So, after almost four months, I started rolling again. My jiu jitsu best friend and I decided to "pod" together. We only roll with each other. To do this, we discussed our coronavirus exposure tolerance and interrogated each other on our personal contact lists and our disinfecting routines. Then we made it official: we were exclusive. We would only roll with each other.
I am in a big, midlife jiu jitsu crisis right now. Switching gyms threw me. It shook my confidence in myself. It broke my social reasons for going to class. Sometimes I wonder why I am still practicing. My coach is a nice guy--a good teacher and communicator--but I came to him with a bloated brown belt. How invested is he in me? Certainly not as much as he is in the purple belt that he has cultivated since white belt. Not as much as he is in the new white belts that he needs to keep his cashflow positive. I broke into a community in progress. Where do I fit in? I'm not quite sure.
I am friendly with everyone at my new gym, but I have not yet developed real friendships. Others in my new gym are missing the camaraderie of class; I'm not. To be fair, I was only there about six months before we closed. How integrated should I expect to be?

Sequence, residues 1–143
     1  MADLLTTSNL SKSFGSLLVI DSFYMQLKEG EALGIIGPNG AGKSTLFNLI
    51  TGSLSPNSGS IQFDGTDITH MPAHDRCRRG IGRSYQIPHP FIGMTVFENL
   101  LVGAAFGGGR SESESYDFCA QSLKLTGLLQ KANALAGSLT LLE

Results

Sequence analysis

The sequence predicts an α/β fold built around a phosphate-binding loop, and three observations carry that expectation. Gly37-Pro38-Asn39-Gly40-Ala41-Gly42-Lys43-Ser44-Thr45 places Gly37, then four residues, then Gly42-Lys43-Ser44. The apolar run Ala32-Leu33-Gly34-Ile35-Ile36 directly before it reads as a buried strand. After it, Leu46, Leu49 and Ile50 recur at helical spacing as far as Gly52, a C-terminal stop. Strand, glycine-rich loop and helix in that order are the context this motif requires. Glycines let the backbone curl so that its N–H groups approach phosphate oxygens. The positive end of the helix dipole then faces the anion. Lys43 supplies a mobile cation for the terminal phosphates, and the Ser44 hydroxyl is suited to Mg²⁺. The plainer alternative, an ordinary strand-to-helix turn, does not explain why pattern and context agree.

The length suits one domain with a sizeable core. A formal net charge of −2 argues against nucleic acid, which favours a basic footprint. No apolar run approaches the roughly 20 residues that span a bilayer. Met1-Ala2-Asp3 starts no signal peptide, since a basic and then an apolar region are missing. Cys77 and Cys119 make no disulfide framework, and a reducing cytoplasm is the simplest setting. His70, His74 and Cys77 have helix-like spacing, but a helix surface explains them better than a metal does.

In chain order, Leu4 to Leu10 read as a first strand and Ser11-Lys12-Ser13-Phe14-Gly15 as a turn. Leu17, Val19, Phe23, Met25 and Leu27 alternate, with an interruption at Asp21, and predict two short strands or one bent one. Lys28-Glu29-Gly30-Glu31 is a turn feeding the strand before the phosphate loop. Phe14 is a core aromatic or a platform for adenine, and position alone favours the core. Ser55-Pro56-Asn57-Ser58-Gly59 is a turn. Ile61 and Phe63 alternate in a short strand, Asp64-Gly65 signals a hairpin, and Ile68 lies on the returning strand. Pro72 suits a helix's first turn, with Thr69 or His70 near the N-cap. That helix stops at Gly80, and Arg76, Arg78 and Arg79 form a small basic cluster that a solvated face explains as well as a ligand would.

With my old friend, who is from my old gym, rolling is like a weathered loafer. It feels natural and normal. We know each others' moves but can still surprise each other, and are happy when we do. Of course, the danger is that we may not challenge each other enough. But I've found that I can roll for hours with my friend without even noticing the time. He reminds me of why I do jiu jitsu. (Which, after much soul searching, I have decided I do jiu jitsu because I want to be a creative badass. I think. I'm still trying to answer the question: Why does a petite 50-year old mother of two whose injury tolerance is waning by the month do jiu jitsu?)
At our last rolling session, we shared that we each felt the same at our new gyms. "Honestly, what if we quit our gyms, got some mats for our garage, and just trained the two of us?" Call it jiu jitsu monoandry. We tossed that around for a bit, but in the end rightly concluded that having a black belt who was current, practicing, learning, teaching, and competing was significant to our development.
My gym is still doing solo drills only. I appreciate the effort. But, I need to be on the mat. Or I might never return.